Why Christ Insists on Belief

Mark 5.22

When Christ healed the twelve-year-old daughter of one named Jairus, he said, ‘Only believe!’ Why is this so vital, and exactly what form should our belief take in order for us to experience the unmistakable response of the Lord?

And behold, there cometh one of the rulers of the synagogue, Jairus, by name. And when he saw him, Christ, he fell at his feet and besought him greatly, saying, My little daughter lieth at the point of death. I pray thee come and lay thy hands on her, that she may be healed.

And our subject is ‘why Christ insists on belief’ or on believing. Why is it so pivotal, so essential that we should believe in the things of Christ in order to find him and know him? Well, I’m just going to read a few words from verse 21. When Jesus passed over again by ship unto the other side (of the Sea of Galilee, that is), much people gathered unto him, and he was nigh unto the sea. He’d come to Capernaum, where he had cast out a demon in the synagogue previously, where he had healed a paralyzed man who was let down through a roof of the house, because those who bore him couldn’t get into the house where Christ was teaching. And now there are these healings that we read of here.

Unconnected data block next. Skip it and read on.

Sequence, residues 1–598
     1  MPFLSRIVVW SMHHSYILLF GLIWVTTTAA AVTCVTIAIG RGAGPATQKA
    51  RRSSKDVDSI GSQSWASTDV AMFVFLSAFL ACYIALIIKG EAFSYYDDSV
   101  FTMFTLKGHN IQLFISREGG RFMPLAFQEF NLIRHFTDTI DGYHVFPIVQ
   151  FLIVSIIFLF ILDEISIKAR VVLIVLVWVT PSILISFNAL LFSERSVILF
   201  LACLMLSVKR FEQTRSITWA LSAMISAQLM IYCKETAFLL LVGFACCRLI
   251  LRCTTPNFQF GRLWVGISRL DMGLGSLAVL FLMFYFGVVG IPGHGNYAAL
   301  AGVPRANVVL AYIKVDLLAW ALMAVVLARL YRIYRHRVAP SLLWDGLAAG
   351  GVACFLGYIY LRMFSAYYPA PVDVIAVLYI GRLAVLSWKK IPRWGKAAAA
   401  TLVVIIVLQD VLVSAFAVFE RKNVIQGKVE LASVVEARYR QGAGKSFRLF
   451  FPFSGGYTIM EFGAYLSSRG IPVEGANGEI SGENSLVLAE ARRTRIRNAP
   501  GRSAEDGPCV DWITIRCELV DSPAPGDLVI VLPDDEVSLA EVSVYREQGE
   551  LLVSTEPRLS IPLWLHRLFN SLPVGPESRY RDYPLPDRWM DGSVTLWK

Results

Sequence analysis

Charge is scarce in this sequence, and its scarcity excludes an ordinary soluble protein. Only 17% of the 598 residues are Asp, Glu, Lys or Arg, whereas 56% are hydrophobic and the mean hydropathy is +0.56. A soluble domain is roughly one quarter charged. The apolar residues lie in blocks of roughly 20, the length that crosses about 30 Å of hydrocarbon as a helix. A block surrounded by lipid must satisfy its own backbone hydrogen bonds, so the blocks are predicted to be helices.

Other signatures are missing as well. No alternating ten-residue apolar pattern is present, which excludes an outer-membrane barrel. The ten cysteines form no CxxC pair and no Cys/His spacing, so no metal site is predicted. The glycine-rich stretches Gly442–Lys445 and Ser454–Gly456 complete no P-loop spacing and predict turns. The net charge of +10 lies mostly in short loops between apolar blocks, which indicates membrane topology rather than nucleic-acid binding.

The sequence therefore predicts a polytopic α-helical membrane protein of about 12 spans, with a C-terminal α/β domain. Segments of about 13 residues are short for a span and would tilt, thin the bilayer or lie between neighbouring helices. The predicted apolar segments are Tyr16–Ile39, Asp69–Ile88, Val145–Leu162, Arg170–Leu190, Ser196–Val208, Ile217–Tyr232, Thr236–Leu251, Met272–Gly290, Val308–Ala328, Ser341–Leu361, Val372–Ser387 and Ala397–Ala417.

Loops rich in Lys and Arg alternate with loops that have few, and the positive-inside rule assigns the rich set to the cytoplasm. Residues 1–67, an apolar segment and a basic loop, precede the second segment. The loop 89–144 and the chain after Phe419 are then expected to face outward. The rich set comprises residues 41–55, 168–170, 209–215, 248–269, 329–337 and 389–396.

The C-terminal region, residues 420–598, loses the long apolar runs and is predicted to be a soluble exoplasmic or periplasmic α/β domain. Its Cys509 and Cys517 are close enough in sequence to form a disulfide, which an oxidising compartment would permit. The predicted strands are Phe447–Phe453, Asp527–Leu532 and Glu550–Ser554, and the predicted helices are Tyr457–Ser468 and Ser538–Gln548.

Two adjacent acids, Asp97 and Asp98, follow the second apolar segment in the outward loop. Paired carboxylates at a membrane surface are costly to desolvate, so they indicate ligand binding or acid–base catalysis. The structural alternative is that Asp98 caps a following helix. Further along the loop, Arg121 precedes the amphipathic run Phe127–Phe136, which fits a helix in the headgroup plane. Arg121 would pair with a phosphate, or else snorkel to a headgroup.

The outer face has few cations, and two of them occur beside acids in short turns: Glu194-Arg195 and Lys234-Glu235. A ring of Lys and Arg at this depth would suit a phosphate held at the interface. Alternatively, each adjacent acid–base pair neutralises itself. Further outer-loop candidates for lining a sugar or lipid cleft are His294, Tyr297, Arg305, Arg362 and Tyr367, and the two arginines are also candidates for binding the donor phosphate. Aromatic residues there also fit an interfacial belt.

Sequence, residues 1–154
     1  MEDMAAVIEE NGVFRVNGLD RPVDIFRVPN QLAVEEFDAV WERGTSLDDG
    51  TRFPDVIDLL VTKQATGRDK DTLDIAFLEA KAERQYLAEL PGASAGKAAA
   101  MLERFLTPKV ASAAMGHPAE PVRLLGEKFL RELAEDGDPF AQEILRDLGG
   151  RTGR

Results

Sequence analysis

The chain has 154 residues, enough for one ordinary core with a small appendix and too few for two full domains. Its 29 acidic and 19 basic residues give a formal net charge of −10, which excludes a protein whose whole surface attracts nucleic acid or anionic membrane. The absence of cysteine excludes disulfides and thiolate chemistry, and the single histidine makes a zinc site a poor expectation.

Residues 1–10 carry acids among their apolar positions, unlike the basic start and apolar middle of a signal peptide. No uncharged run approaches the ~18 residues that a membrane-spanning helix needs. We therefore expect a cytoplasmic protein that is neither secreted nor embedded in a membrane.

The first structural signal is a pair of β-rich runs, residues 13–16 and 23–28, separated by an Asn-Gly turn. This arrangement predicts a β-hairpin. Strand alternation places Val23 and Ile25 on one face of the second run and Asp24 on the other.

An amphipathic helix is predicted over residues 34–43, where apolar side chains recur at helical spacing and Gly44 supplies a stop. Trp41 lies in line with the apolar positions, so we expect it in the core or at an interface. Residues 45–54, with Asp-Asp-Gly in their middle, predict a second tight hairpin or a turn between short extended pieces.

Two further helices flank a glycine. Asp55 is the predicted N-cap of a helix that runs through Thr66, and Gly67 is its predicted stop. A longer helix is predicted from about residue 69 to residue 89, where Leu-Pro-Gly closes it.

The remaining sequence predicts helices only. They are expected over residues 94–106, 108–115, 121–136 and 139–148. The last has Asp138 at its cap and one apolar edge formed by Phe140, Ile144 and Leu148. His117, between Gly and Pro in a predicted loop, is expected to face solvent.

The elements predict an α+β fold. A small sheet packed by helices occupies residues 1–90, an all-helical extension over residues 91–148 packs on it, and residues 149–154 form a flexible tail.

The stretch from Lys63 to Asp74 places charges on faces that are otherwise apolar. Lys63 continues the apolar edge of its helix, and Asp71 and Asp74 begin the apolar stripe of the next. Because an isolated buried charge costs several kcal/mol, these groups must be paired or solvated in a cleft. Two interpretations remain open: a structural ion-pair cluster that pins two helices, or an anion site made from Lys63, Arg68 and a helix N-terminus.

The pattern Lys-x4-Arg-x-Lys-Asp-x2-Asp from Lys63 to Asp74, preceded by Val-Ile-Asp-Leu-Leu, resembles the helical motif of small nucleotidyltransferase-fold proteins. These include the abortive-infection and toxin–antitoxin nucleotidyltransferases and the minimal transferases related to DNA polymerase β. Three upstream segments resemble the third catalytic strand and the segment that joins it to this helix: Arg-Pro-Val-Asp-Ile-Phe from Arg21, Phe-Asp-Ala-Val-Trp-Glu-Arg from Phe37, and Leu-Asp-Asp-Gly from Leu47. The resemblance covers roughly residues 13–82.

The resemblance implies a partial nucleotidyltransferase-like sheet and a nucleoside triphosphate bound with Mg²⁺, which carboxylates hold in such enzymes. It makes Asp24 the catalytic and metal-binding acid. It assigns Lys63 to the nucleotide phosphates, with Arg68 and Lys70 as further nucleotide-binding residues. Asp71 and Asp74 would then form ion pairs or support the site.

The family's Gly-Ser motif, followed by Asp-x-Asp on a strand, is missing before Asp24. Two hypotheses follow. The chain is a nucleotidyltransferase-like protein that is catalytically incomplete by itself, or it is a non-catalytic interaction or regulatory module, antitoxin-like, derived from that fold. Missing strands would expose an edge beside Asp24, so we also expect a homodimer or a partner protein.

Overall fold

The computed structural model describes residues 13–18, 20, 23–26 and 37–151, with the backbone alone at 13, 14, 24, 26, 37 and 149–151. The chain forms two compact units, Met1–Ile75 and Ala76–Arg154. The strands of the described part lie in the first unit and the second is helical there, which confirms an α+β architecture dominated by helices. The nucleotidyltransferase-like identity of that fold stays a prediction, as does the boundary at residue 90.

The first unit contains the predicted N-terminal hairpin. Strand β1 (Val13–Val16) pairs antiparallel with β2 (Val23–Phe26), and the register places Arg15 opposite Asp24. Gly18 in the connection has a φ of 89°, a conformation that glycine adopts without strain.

Well, in verse 22, there’s an interesting introduction to the topic, ‘And behold, there cometh one of the rulers of the synagogue.’ This ‘and behold’ and see, it’s very commonly used by Mark and by other gospel writers also. But it always has significance. The idea is it conveys that this is going to be rather a surprising scene, an unexpected scene. And so it is, because one of the rulers of the synagogue comes. Well, later on in the narrative, he’s called the ruler of the synagogue. So he was one of a group. It was a very important, a very large synagogue, but he was evidently the senior ruler, the senior person.

And you would expect him at any rate to be a typical self-righteous Pharisee, ruling that particular very well-known synagogue in Capernaum. He’s named here, and that leads us to suppose that he certainly became a disciple of Christ, and therefore his name was known among the churches. And so, unusually, he’s named here in this miracle.

But then this faith aspect seems to be something that actually carries me in. I step forward in faith, and I trust him, and I rest my soul upon what Christ has done, and I believe in him. So there almost seems to be a contradiction. I repent as an outsider, and yet I step forward in faith and trust and embrace him and receive him. And I’d like to try to explain these two things very simply tonight.

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